Deni Brown, the Kirstenhof “comic stripper” (as she called herself) and co-creator of the popular Mama Taxi cartoon faced her final speed bump at St Luke’s Hospice in Kenilworth, on Sunday January 13.
Deni co-authored the strip with Noordhoek artist Gavin Thomson. She was diagnosed with breast cancer in October 2014 and underwent surgery two months later.
In her 60-something lifetime, she lived life like a gypsy, having lived in about 30 homes.
Deni was born in Durban. Her love of cricket grew out of the many matches her father took her to. Her mother, who sang Cole Porter songs and all the old favourites, taught her to play the piano, although it was later replaced by a synthesiser. Deni also sang and wrote music.
In the 1980s, when rock bands were big, Deni and her then husband toured major towns all over southern Africa. They were the resident Duo Band at Sun City for six months.
Having retired from music to follow a career in writing, she revisited it in 2015 “during an ageing hippy mid-life crisis”, she laughed in an interview with the Bulletin, Sentinel’s sister paper (“Lekka band to play for member’s op,” Bulletin, February 19, 2015).
With her hair falling out from chemo treatment, she performed at a High Constantia fund-raiser for musician Steve Walsh who needed funds to treat cancer of the jaw.
Deni knew what it was like to be in Steve’s position. When advised to have a mastectomy privately, at a cost of about R50 000, as a freelancer, living almost alone (with her cats), no family and without medical aid, savings depleted, she turned to crowdfunding.
Derek Harrison, of Alive Cafe in Muizenberg, hosted a fund-raising auction. David Muller, of “Oom Schalk” fame, auctioned 32 pieces of art and ceramics by female artists and raised R20 000.
Meanwhile, Deni continued with Mama Taxi, her fight with cancer reflected poignantly at times in the comic strip, including one October Breast Cancer Awareness Month when Mama and Zandi had mammograms – Zandi had found a lump. Luckily it turned out to be a chocolate peanut in her bra.
It was after creating the characters, Thuli and Jo, for another proposal, which was turned down, that she had a brainwave to spread the word about cancer in a humorous way and to give hope.
It was a dream come true for Pink Drive, an NGO that promotes breast cancer awareness and provides medical assistance to women living in out-of-the way areas who have no access to social media and medical aid. Deni used her talents to launch Girl Talk with illustrator Jesse Breytenbach.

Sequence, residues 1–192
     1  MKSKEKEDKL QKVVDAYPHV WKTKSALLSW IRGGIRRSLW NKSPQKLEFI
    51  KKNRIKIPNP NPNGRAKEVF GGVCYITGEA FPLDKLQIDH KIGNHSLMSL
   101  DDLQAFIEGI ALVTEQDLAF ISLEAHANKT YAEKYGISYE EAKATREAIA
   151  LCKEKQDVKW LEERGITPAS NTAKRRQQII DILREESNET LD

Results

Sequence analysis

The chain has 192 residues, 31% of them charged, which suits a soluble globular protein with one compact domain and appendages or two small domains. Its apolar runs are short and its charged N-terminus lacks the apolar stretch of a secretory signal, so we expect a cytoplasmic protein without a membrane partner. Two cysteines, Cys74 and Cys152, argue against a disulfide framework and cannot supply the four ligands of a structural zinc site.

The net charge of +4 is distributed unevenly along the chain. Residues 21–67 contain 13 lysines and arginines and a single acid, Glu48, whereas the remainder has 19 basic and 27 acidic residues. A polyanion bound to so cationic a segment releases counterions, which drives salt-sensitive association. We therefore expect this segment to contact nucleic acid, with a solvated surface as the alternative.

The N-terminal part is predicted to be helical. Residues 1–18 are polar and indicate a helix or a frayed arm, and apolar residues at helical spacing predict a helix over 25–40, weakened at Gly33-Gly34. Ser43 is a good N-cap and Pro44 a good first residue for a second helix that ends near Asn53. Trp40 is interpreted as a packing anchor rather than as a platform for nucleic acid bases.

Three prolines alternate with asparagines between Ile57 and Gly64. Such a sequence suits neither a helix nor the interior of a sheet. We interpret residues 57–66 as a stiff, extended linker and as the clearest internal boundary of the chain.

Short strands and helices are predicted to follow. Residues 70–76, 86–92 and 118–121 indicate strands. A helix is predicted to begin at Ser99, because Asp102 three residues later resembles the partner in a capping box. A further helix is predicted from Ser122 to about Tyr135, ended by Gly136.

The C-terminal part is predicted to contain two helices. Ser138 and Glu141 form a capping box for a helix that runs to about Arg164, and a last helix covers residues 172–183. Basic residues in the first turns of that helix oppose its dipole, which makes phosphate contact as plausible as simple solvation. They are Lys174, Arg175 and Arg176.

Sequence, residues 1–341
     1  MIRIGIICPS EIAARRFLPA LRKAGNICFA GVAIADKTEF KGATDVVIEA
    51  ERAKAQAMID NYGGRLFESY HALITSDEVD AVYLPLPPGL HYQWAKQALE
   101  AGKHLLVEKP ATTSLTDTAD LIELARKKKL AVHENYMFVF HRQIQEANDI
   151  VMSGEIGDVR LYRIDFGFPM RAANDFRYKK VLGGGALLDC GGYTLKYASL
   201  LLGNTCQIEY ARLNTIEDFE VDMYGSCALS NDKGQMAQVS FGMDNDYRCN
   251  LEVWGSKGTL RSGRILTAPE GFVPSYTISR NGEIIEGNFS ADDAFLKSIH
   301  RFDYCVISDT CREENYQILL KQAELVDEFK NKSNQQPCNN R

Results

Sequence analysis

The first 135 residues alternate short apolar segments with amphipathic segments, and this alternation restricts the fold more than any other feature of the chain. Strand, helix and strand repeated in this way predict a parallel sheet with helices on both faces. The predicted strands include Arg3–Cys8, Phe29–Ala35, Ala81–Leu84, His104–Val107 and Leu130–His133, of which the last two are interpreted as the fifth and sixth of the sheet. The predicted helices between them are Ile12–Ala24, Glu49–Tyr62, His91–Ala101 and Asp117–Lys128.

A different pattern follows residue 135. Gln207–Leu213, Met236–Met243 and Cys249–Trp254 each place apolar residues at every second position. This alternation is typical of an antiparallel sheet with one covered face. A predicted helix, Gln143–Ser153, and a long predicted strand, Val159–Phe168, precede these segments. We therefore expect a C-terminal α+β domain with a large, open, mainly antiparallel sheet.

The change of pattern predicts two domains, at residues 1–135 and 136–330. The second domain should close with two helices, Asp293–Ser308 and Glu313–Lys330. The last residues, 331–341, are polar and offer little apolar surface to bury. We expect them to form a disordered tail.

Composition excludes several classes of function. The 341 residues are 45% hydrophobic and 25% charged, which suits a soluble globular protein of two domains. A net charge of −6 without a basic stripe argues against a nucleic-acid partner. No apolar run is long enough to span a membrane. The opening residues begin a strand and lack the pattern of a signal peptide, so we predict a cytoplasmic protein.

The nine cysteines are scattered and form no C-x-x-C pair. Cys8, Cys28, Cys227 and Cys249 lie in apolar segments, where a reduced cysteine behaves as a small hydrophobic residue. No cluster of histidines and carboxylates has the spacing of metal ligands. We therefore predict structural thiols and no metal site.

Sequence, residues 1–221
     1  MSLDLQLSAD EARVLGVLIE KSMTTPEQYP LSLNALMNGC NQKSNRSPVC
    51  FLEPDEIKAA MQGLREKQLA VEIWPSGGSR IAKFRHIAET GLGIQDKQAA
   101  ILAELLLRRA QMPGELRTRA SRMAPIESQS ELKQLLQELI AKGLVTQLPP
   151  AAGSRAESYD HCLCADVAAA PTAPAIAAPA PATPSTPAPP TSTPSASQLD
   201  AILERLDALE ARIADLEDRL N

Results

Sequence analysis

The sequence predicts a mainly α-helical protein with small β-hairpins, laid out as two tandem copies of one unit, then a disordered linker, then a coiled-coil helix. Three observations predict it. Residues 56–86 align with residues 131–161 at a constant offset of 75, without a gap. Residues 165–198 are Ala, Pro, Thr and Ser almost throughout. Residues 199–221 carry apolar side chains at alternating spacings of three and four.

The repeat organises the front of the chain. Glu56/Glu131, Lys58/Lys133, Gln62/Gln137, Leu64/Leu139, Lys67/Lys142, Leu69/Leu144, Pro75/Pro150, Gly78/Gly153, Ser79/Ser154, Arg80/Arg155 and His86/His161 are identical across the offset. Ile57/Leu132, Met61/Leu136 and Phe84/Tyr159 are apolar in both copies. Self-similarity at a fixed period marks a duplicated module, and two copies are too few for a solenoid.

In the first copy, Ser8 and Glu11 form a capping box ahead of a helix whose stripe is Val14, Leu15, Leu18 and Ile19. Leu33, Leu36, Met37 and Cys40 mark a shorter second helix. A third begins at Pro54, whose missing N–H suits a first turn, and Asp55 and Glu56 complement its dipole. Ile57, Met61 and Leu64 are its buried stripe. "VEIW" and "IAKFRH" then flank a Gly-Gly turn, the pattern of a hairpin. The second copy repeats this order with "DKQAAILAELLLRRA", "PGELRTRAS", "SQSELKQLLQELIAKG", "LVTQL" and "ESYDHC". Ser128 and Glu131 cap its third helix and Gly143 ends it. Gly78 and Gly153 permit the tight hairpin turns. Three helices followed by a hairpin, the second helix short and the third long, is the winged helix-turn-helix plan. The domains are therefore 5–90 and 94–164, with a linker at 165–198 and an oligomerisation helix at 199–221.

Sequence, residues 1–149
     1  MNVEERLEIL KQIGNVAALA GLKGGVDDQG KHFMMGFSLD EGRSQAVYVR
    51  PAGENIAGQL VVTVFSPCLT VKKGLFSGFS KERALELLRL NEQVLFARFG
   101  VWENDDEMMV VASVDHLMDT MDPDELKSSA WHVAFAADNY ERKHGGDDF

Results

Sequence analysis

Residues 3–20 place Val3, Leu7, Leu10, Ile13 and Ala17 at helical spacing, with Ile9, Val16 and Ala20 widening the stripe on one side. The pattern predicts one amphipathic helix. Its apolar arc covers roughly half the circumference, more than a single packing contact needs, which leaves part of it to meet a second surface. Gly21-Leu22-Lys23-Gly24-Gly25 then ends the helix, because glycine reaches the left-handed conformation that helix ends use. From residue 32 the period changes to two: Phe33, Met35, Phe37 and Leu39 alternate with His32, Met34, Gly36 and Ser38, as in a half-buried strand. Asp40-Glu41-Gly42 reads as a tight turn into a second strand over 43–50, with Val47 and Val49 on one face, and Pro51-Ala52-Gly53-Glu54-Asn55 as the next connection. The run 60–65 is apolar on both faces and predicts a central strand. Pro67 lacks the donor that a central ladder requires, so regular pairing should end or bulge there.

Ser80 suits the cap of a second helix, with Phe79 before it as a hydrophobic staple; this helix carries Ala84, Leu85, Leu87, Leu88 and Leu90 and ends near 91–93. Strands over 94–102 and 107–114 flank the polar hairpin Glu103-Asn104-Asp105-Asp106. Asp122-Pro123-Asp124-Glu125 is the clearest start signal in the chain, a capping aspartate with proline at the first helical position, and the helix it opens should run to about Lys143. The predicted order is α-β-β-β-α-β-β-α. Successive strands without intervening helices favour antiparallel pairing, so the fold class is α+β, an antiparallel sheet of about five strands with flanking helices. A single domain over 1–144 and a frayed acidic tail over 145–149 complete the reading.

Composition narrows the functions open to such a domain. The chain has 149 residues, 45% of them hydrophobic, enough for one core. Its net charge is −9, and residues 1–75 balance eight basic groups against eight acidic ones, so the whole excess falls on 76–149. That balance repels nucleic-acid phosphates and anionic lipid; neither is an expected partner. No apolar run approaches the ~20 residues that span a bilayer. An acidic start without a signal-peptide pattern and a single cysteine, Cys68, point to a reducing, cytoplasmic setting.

She also brought out a book, Keeping A Breast: Trying to find the funny side of cancer.
Her second career began in 2005 with Deni and Gavin introducing Mama Taxi. With its iconic pink taxi and witty characters, it soon became a nationally syndicated asset.
By her own admission, this comic stripper was obsessive compulsive, which helped her to meet publication deadlines for the daily cartoon strip. However, after a 13-year-ride that saw Mama Taxi become one of South Africa’s longest running newspaper strips, its co-creators decided to park it. A compilation of the best strips was published in an anthology in 2009 under Double Storey.
Cats were also a big part of Deni’s life. In an interview with the Bulletin many years ago, she dreamed of creating a cartoon strip about her feline family. Deni later ghost wrote a collection of autobiographies of cats who lead interesting lives.
Another love was Nick Thomas, whom she met in August 2017. “We knew that we were soulmates. When she was diagnosed with secondary cancer in 2018, we both knew that the end was inevitable, and I promised to be there until the end,” he said.
Nick said “kindness” had been Deni’s watchword.
“She was a Buddhist and that being so, spirituality and her belief in an afterlife, helped to negate any fear of dying.”
There will be no funeral for Deni – instead Nick will scatter her ashes in her favourite place and her close friends will meet for a musical celebration of her life.
On Saturday December 29, Deni wrote a post on social media: “A monk friend’s words from a while ago stay with me: you could die today. That is not meant to be morbid. Just think about it. I’ve had a huge and interesting life, and now I appear to have gathered some unbel-
ievable people around me wrapping me in angel wings of cotton wool love.”